As I was taking my seat at the Jacob’s Pillow Dance Festival to see the Merce Cunningham Dance Company on July 26th, a colleague murmured, “This will be probably be the last time we see the company while Merce is still alive.”
As it turned out, it was.
Merce Cunningham, 90, passed away later that same evening. The Pillow had been celebrating Cunningham’s legacy for that past week, which included a talk with archivist David Vaughan, who told lively tales of Cunningham’s early days working with his frequent collaborator Robert Rauschenberg. Earlier in the season, Cunningham received the Jacob’s Pillow Dance Award, one among many lifetime honors.
This Friday, Aug. 7, Houston will have a chance to bid farewell to these two titans of the arts. Society for the Performing Arts (SPA), ARTPIX and Microcinema International team up to honor Cunningham and Rauschenberg in a free outdoor film showing of the Merce Cunningham Dance Company performing Split Sides and Interscape. The screening begins at 8 p.m. at the Menil, 1515 Sul Ross.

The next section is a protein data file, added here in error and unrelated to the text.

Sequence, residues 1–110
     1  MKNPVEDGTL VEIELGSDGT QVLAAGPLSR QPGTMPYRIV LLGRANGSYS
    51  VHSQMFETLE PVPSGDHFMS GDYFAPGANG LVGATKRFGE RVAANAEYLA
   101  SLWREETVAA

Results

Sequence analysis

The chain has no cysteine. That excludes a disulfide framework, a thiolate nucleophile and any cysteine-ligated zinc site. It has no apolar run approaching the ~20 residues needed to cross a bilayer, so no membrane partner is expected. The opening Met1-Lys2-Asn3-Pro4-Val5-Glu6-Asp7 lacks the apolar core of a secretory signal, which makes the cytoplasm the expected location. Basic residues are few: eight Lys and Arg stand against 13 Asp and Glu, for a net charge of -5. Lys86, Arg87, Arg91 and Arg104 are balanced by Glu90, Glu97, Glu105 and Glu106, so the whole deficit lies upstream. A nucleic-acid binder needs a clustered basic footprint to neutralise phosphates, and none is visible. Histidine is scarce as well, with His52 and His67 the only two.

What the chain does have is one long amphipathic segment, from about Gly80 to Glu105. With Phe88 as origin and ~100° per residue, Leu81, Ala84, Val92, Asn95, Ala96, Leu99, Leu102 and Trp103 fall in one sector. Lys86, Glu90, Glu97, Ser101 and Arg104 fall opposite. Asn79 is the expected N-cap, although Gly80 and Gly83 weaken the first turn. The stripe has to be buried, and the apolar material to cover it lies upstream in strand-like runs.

For those of us coming of age as dancers and artists during the post Martha Graham years, an era has ended. As children of Merce, we benefited from the man who freed dance from the strict confines of narrative, meaning and metaphor. Everything you needed to understand in a Cunningham dance was contained within its boundaries.
Wendy Perron, editor in chief of Dance Magazine, writes in her blog remembrance:
It was never a matter of loving one of his pieces or hating another. It was how he put dances together: based on curiosity, based on what the body can do, and yes, based on chance. It was how he stimulated the mind as he activated the bodies.
SPA brought the Merce Cunningham Dance Company to Houston four times between 1989 and 2005.
“Merce Cunningham Dance Company was one of the first companies that we presented not long after I joined SPA that really gave me an insight into contemporary dance,” said SPA Executive Director and CEO June Christensen. “Merce changed our perception of what a dance performance should be, separating the music and dance. He was innovative and visionary, and will truly be missed.”
Split Sides (2003) features a score by Britain’s Radiohead and Iceland’s Sigur Rs. John Cage scored Interscape (2000). Rauschenberg designed the sets and costumes for the latter performance. Both pieces were filmed by Charles Atlas.
Reprinted from 29-95.c0m.